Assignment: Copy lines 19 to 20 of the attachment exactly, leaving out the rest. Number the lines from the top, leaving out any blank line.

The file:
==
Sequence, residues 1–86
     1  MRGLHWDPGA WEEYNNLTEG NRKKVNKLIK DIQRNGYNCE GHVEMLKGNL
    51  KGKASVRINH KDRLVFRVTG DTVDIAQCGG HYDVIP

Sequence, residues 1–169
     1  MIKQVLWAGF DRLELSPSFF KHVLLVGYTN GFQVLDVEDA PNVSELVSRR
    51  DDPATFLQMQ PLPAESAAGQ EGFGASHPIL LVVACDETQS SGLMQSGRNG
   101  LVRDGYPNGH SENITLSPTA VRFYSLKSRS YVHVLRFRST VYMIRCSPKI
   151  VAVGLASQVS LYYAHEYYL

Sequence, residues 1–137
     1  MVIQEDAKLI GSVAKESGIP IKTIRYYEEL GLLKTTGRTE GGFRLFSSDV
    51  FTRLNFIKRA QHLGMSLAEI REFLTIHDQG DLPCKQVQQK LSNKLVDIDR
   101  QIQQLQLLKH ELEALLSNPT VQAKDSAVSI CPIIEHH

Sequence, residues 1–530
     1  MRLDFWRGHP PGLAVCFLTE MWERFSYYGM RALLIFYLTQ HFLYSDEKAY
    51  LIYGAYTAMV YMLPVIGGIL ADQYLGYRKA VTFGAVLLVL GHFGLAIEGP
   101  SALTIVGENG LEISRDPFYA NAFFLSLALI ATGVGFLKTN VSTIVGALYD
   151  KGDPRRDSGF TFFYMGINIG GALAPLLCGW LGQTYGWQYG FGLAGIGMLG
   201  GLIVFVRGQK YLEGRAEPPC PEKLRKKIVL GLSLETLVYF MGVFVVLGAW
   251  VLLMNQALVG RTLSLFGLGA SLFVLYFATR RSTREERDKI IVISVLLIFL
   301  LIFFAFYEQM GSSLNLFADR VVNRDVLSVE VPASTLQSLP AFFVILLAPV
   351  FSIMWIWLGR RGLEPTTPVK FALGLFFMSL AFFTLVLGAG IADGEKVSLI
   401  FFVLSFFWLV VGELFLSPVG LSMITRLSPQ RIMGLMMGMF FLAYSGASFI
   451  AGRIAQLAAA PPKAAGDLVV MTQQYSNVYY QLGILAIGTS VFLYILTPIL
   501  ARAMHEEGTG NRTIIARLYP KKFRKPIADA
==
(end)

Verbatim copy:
   251  VLLMNQALVG RTLSLFGLGA SLFVLYFATR RSTREERDKI IVISVLLIFL
   301  LIFFAFYEQM GSSLNLFADR VVNRDVLSVE VPASTLQSLP AFFVILLAPV